Another layer of liquidation protection is the so-called “Saviour”. An LP token is deposited in a Safe. If the liquidation threshold is reached, the LP can be used and liquidity will be pulled from Uniswap v2 and added to the Safe. As of 16.09.2022, only the RAI/ETH Univ2 LP tokens are supported. In the future, other pools such as RAI/ETH Univ3 or RAI/3crv could be added.
Figure 9. Price Sensitivity of the Collateral Used to Mint RAI
By adding more collateral, the CRatio increases, and the liquidation is avoided or delayed. The user can customise the “Target Rescue Collateral Ratio”, which is the minimum new Collateral Ratio by adding liquidity. There is a flat fee that has to be paid if the Saviour module is triggered.
Where is RAI?
Roughly 45% of RAI’s supply can be found in liquidity pools across Uniswap and Curve as shown below. The rest of the supply can be found in money markets like Euler or Aave, yield aggregators like Yearn, or wallets. Reflexer has been integrated by over 40 protocols as shown below.
Figure 10. Historical Evolution of RAI’s Supply Distribution
Figure 11. Reflexer Ecosystem: Partnerships and Integrations
Governance & Tokenomics
Reflexer Lab’s governance token is FLX, which has two main functions:
1. Backstop mechanism
Staked FLX can be used by the protocol as a price backstop mechanism. If that’s not enough, the protocol will start debt auctions that will mint FLX and auction it for RAI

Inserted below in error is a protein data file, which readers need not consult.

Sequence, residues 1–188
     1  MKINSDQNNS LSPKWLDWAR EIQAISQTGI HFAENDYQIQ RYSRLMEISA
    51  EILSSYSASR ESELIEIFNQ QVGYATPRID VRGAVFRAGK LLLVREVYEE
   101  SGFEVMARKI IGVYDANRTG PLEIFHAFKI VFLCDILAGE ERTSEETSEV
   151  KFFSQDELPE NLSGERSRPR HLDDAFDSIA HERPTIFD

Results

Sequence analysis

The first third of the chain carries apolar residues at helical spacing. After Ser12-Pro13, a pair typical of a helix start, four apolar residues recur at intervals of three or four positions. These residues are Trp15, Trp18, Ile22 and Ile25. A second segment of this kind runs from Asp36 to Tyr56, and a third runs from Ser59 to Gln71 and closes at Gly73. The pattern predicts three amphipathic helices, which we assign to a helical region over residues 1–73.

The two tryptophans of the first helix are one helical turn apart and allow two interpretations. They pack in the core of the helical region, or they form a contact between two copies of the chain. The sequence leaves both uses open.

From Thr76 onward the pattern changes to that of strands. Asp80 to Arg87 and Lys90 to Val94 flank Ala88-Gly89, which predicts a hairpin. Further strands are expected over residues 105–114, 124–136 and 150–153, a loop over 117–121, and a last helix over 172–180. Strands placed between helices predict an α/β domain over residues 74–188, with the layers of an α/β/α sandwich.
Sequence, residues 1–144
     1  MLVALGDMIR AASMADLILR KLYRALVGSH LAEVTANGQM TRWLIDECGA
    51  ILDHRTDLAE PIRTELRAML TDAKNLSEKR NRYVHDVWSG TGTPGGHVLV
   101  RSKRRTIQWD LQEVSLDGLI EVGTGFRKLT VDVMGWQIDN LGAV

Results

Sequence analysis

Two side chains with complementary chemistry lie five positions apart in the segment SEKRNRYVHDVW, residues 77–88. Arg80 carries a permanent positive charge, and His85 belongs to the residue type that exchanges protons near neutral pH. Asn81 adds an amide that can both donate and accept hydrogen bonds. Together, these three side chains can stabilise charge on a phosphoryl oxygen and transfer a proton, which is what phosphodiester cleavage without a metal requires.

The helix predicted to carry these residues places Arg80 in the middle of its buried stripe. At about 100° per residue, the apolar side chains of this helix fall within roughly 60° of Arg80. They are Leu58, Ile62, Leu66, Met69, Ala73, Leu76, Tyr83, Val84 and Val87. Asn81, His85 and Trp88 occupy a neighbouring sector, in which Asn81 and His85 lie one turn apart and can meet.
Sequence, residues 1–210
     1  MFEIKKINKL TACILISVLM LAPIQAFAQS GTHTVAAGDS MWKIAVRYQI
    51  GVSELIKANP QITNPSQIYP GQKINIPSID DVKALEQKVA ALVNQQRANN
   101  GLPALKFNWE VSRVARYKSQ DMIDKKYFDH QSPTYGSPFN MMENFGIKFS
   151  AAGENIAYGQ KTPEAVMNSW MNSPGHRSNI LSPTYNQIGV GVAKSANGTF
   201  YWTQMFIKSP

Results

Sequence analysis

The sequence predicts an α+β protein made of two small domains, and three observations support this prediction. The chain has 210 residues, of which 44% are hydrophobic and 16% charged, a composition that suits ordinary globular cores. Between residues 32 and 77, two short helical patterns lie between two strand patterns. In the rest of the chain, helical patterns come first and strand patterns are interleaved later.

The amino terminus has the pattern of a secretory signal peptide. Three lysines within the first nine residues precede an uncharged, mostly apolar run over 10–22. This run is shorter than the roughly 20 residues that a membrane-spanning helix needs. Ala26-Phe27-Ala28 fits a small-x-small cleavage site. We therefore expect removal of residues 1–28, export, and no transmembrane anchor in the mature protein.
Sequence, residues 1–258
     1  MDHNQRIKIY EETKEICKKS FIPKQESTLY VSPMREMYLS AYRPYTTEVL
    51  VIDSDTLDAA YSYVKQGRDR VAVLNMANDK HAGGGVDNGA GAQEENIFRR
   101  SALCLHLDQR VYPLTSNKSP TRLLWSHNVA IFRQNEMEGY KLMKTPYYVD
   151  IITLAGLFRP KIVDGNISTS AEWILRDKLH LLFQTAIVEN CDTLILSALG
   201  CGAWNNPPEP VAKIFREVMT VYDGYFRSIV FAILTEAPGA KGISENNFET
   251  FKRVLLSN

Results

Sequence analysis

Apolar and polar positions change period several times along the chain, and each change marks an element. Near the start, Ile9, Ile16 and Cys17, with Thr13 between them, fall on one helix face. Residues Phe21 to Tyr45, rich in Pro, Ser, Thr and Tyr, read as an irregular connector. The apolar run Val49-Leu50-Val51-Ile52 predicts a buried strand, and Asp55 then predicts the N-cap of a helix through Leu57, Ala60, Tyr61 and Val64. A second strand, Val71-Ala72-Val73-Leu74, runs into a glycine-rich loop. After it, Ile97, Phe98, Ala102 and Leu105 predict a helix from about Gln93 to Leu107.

FLX holders will be able to remove control from any remaining components in RAI or, if needed, continue to manage components.
The initial token distribution was as follows:
Table 1. RAI Token Distribution
Note. From 15.04.2021 until 15.04.2022, the tokens were locked.
The protocol implemented buyback and burn on FLX. Therefore, the current supply is 984,332. The market cap and FDV are as follows:
Table 2. RAI’s Supply, Market Cap, and FDV
Given that RAI only holds ETH as collateral, users’ funds cannot be frozen due to 3rd parties acting against Reflexer Labs or RAI users. For centralised stablecoins, this is not a bug but a feature, as USDC/USDT can freeze users’ assets for a number of legal reasons. Nonetheless, for RAI’s operations, it’s critical to have a reliable oracle to provide data to the smart contract that controls the PID algorithm.
Although the stablecoin market cap grew from $6b in 2020 to $200b in April 2022, RAI has remained relatively small. There are two general views on RAI.
The first is multifactorial because there is no clear use case; at a capital efficiency level, it is no better than some of its competitors; there is no hard peg; and in general, the relative complexity surrounding it makes it difficult for users to justify its use, as well as for other projects to integrate RAI over other stablecoins.
The second view is that RAI is small by design. RAI is focused on being a resilient and fully decentralised stablecoin without counterparty risk at the expense of having slower growth or adoption than its competitors. Slow and steady wins the race.